BDO Healthcare CFO Outlook Survey
BDO Healthcare CFO Outlook Survey
This survey was conducted in Fall 2019, prior to the global COVID-19 pandemic. We know that every organization—including BDO—is focused on the well-being of families, colleagues, and our communities. The middle market has proven its resilience in times of turbulence, and we believe, with a conscientious business mindset, organizations will manage the situation effectively. For information on how to secure your business in the wake of COVID-19, please visit www.bdo.com/COVID-19.
Treating Healthcare Distress
- Reimagining the Hospital
- Innovating to Pay for Transformation
- Leveraging Data to Reposition for Growth
- Talent-Tech Conundrum
- Investing for a Value-Based Future
Facing Recession, Healthcare Turns to Specialty Financing & Primary Care to Secure Value-Based Future
When it comes to healthcare—at the center of the 2020 presidential election—patients aren’t the only ones in distress over how to pay for it. Their providers are too.
Providers have high fears of a near-term recession amid increased concerns about reimbursement uncertainty and liquidity challenges, according to BDO’s Treating Healthcare Distress, a survey of 100 CFOs at provider organizations.
Though overall healthcare CFOs’ financial projections for 2020 are positive, most forecast just moderate increases in the 1-9% range in both revenue and profitability categories. In a tight liquidity environment, such ranges are easy to knock off course in an industry as uncertain as healthcare.
Market triggers like a potential recession and ongoing changes to reimbursement models are likely to put increased strains on providers—fears that show in healthcare’s overall outlook.
More than half (55%) of healthcare organizations anticipate a recession in the next year or two, and risks related to government reimbursement is the top concern for more than one in five (23%). More than three fourths (76%), meanwhile, have 60 days or less cash on hand.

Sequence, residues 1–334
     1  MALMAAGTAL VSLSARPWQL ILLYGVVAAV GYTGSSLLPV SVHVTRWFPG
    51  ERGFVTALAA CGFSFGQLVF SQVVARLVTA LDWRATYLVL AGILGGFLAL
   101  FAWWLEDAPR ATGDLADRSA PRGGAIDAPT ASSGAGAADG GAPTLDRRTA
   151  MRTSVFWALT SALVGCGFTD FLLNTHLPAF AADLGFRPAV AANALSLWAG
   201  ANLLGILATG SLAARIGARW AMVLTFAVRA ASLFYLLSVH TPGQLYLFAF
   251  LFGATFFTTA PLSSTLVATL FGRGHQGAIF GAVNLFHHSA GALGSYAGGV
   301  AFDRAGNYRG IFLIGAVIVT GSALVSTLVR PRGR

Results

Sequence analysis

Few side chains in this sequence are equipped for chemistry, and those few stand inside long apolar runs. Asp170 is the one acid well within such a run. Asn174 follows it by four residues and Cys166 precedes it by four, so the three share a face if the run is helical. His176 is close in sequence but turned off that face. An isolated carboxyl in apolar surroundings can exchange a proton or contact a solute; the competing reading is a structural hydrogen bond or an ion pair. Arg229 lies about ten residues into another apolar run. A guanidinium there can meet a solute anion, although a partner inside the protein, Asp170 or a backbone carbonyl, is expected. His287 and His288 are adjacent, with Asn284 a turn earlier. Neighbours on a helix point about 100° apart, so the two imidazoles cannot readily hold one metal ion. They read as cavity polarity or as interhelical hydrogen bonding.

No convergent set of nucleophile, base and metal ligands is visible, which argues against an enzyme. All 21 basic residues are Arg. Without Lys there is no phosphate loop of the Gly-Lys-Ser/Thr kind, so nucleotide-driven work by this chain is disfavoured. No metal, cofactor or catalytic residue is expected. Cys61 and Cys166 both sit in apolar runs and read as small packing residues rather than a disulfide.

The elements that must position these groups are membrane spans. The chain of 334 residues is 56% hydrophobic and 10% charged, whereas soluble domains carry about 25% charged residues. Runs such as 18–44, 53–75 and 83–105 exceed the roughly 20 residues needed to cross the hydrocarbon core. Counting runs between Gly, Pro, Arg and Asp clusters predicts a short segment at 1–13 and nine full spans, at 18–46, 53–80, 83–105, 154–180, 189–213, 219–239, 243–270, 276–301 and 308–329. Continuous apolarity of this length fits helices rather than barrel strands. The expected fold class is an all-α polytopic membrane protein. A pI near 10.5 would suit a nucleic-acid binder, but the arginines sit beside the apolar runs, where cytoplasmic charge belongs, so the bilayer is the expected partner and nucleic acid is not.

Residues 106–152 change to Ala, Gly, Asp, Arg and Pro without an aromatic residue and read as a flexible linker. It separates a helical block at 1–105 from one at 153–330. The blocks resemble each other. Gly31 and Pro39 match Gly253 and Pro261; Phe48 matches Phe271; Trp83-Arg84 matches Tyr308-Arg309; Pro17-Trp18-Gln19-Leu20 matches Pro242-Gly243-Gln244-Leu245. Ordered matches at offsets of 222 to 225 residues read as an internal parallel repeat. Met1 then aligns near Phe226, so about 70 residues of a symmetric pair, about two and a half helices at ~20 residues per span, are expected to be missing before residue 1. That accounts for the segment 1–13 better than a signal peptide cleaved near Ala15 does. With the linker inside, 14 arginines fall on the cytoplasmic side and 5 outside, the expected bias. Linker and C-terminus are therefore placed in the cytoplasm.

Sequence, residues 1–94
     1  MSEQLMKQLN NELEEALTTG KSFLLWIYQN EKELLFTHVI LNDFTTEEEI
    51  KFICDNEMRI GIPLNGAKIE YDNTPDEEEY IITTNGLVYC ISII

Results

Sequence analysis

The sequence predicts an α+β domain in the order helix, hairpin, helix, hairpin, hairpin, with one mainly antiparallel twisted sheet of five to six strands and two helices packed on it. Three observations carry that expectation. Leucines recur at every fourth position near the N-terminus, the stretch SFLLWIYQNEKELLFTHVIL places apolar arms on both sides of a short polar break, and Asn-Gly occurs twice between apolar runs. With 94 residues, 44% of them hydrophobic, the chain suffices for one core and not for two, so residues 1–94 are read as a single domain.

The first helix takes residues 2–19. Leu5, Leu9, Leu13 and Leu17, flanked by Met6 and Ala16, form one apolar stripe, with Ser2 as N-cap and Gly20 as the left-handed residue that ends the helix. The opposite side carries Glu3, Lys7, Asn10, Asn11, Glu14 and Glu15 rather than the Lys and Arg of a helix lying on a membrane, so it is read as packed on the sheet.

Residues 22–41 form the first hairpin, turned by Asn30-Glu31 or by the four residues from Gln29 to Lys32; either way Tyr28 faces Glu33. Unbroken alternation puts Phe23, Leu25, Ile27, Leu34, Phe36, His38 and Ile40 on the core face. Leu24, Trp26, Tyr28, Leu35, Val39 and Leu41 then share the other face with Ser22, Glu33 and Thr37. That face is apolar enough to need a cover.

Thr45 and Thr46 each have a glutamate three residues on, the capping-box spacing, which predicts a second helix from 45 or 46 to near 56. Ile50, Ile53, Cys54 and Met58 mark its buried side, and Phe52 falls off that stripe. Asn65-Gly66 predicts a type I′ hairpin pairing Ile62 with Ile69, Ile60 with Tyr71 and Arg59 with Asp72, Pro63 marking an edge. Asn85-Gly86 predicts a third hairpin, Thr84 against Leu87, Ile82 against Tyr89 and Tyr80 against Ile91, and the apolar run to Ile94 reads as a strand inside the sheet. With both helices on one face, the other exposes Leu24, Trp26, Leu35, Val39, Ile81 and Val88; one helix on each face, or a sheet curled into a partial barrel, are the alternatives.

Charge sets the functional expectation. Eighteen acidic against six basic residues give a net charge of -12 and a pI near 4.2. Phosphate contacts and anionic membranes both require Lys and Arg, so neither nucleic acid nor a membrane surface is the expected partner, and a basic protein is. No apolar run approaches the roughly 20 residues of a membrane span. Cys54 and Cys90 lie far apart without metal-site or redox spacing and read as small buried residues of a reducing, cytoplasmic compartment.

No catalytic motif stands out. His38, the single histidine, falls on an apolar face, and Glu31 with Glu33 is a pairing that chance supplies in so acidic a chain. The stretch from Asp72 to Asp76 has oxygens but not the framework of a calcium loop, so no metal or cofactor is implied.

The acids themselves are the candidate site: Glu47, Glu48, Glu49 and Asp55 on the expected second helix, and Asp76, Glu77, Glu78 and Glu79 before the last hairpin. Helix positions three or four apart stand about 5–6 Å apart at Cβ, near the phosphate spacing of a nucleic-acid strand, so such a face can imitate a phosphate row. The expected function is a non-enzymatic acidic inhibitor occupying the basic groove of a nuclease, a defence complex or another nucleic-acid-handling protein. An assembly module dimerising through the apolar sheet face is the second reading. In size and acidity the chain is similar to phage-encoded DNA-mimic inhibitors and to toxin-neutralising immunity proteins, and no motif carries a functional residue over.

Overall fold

Variables like instability around the Affordable Care Act (ACA), increased technology expenditures required to successfully adopt electronic health records (EHRs), and uncertainty around incoming payments because of fluctuating deductibles and patient copays have made having greater levels of cash a business imperative for healthcare.
They’ve also made it more difficult for providers to reach those levels.
To mitigate concerns around liquidity and gain access to capital needed to make investments in infrastructure, talent, and research & development (R&D), providers are tasked with reimagining themselves.
For many of them, they’re turning to transformative capital to do it.
Bank loans or lines of credit are organizations’ largest financial obligation, cited by a plurality (42%) of healthcare CFOs. At the same time, 36% plan to undergo restructuring or reorganization in 2020, and more than a fifth (22%) anticipate pursuing M&A.
That may explain why the industry, unable to depend on once-stable-and-now-uncertain revenue sources but still in need of new capital for the top transactions they’re planning to pursue, is turning largely to specialty financing.
Specialty financing is the top outside source of investment healthcare is considering, with a quarter (25%) of CFOs citing it. Private equity (14%) and joint ventures (13%) round out the top three sources of external investment healthcare organizations are considering.
“When healthcare organizations pursue specialty financing, it can mean that they’ve reached their traditional credit limit and are in a distressed situation, and/or they’re considering a different type of transaction or investment structure with needed industry expertise from their lenders. Healthcare CFOs’ focus here demonstrates the increasing complexity of the environment under which healthcare organizations operate, and how the appropriate capital infusion is needed, aligned with shifting operating models.”
|PATRICK PILCH, CPA, MBA
Senior Managing Director and National Leader of The BDO Center for Healthcare Excellence & Innovation
Challenges around liquidity may also be fueling greater fears of a recession.